Public Library of Cincinnati and Hamilton County to Receive 2013 National Medal for Museum and Library Service National Award Recognizes Exceptional Contributions of Cincinnati Library System

By on

The Institute of Museum and Library Services today announced The Public Library of Cincinnati and Hamilton County of Cincinnati, Ohio, as one of 10 recipients of this year's National Medal for Museum and Library Service. The nation's highest honor conferred on museums and libraries for service to the community, the National Medal celebrates institutions that make a difference for individuals, families, and communities. The National Medal will be presented at a celebration in Washington, D.C. on May 8.

Women, Mobility, and Libraries

By on

Long before there were such devices as smartphones and tablets—or personal computing, for that matter—women in librarianship were bringing reading material to people beyond the four walls of a physical library. As Women’s History Month draws to a close this March, American Libraries celebrates the library workers, most ofthem women, whose mobile devices for delivering literacy consisted of wagons and horses bearing books door to door in rural America.

Library as a Starting Point to Revitalize Tz’utujil Language

By on

Located in the heart of the town of San Juan la Laguna, Guatemala, the Community Library Rija'tzuul Na'ooj regularly buzzes with activity. In one corner of the library, a new area provides a space for schoolchildren to partake in educational games. On the other side of the main room, younger children listen attentively as a volunteer reads aloud during storytime. And once a week, an elder resident of the community sits down with teenagers to share a little bit of his or her wisdom attained throughout a lifetime.

"Guys Read" Comes to the Topeka & Shawnee Co. Public Library

By on

We all agree that kids should read, read, read. But did you know that it’s harder to get boys to read than girls? Because they read less starting at about eight years old, they also typically score lower on standardized testing.

Children’s author Jon Scieszka (Stinky Cheese Man, Time Warp Trio) saw that boys were reading less, but he also saw that teachers and librarians weren’t doing a good job finding books boys would want to read. So he started Guys Read, a national web-based organization to get more boys reading by showing them that there’s plenty of fun, awesome stuff to read.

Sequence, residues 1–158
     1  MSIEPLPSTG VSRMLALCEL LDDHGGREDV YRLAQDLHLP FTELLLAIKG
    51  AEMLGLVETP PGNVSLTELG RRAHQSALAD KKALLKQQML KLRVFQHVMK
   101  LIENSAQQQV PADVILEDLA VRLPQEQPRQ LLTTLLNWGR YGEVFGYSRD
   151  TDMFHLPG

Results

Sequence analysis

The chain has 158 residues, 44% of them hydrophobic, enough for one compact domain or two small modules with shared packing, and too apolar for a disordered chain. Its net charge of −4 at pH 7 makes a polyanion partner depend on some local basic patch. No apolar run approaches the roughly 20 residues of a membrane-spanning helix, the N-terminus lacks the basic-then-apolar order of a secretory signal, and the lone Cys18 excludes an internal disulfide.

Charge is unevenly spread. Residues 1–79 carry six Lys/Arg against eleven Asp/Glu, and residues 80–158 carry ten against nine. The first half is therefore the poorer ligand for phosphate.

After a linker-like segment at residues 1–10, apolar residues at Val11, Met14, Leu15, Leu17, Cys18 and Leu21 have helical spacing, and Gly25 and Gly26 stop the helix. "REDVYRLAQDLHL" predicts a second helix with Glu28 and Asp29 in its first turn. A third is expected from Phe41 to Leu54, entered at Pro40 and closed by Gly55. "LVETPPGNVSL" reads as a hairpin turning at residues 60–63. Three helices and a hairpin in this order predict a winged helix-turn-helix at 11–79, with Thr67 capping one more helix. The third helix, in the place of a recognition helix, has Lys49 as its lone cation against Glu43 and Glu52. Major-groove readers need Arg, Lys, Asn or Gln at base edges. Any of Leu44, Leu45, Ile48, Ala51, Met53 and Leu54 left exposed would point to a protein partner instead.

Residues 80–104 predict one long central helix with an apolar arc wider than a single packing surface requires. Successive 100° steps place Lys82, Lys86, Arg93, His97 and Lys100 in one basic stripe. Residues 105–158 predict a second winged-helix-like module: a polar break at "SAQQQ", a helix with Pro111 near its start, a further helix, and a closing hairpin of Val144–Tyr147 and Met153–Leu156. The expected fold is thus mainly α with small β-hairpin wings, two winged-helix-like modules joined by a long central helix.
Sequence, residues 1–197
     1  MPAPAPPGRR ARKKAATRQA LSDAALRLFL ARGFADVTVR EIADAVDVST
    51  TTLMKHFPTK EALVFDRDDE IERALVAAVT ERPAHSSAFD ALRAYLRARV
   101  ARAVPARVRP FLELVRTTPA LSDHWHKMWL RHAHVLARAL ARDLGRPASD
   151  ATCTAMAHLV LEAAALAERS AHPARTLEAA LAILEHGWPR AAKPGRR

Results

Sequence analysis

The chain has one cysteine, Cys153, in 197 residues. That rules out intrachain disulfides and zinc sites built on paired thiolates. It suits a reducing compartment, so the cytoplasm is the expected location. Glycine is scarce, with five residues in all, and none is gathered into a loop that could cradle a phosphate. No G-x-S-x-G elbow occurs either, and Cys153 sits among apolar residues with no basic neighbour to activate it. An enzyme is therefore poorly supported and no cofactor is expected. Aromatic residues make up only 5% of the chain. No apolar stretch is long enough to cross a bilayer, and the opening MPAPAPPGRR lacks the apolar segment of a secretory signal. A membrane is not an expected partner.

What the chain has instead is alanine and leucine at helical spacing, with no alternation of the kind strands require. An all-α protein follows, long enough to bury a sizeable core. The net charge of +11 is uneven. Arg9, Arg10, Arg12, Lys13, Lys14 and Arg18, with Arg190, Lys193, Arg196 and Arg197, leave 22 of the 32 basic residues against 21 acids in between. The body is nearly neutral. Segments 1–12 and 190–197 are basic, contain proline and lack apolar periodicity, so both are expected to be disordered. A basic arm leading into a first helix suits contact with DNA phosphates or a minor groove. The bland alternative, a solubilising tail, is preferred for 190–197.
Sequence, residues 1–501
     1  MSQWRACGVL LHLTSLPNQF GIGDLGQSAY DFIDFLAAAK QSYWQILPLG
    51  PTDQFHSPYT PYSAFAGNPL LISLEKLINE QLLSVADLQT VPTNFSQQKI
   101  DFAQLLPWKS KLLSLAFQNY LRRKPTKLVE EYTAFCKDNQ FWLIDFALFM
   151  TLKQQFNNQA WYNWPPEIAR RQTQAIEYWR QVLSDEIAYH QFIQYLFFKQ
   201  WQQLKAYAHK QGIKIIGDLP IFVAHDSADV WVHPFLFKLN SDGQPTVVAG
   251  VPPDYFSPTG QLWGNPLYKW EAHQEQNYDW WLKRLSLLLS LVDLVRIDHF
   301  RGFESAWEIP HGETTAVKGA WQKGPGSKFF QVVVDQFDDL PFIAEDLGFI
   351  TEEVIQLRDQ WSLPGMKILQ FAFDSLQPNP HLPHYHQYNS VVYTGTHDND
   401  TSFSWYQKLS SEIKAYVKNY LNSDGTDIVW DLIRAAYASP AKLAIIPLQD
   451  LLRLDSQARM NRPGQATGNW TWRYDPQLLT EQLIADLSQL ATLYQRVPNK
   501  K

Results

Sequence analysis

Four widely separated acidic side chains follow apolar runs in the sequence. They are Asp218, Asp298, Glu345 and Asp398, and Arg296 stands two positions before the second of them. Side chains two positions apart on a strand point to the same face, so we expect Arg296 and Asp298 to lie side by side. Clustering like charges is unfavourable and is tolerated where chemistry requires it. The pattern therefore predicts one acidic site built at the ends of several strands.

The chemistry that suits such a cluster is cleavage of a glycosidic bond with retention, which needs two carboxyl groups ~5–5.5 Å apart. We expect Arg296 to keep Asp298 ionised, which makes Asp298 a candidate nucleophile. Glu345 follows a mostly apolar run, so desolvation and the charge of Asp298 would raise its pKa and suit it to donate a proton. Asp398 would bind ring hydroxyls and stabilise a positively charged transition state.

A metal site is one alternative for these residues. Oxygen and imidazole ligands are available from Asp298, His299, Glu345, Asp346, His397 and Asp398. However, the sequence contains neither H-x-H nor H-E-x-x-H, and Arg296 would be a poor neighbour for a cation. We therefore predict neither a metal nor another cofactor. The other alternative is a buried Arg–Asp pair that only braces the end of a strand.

Fifty Shades Fever

By on

No question, the hottest book at the moment is E. L. James’ Fifty Shades of Grey (Vintage, 2012). As I write this, there are 140 holds for the print edition, 20 holds for the audiobook, and 69 holds for the e-book at my southwest suburban library serving a population of approximately 75,000.

This is the most holds I have ever seen on a single title — more than a new Janet Evanovich or James Patterson and more than the The Help (Amy Einhorn, 2009) and The Girl with the Dragon Tattoo (Alfred A. Knopf, 2008), both of which benefited from blockbuster movie releases. Fifty Shades and its sequels have surprisingly exceeded the demand for The Hunger Games and Twilight trilogies, books that appeal to a broad range of ages, compared to Fifty Shades’ more mature audience. The phenomenon of this trilogy is unprecedented and like nothing I have seen before.

Rural libraries start a new chapter in villages

By on

Zhuang Jinfu's ducks kept dying.

The farmer in Huilong village in Sichuan province's Guanghan county says he lost 10,000 yuan ($1,600) when 500 - about half - of his waterfowl mysteriously died a few years ago.

But he can now earn 100,000 yuan in 18 months because almost all of his 1,000 ducks survive to slaughtering age, he says.

"It's because of the library," the 32-year-old explains.

Solving Mysteries in the Library

By on

Librarians definitely solve mysteries!

I spent April 21, Sisters in Crime’s "Solving Mysteries Day," working as a volunteer at the Warren County Public Library in Monmouth, Illinois. Monmouth is a town of 10,000 in west central Illinois about 20 miles from the Mississippi River.

Kathy is the saintly woman designated to keep an eye on me. What a patient person! In this photo, we are standing in front of books by authors who are members of Sisters in Crime.